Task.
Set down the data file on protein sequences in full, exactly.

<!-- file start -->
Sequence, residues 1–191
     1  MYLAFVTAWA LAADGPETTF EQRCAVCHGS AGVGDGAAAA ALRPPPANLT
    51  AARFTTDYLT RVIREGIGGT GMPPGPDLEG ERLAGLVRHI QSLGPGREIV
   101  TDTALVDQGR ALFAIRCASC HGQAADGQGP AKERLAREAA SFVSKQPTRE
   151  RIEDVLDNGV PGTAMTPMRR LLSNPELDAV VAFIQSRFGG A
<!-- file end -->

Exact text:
Sequence, residues 1–191
     1  MYLAFVTAWA LAADGPETTF EQRCAVCHGS AGVGDGAAAA ALRPPPANLT
    51  AARFTTDYLT RVIREGIGGT GMPPGPDLEG ERLAGLVRHI QSLGPGREIV
   101  TDTALVDQGR ALFAIRCASC HGQAADGQGP AKERLAREAA SFVSKQPTRE
   151  RIEDVLDNGV PGTAMTPMRR LLSNPELDAV VAFIQSRFGG A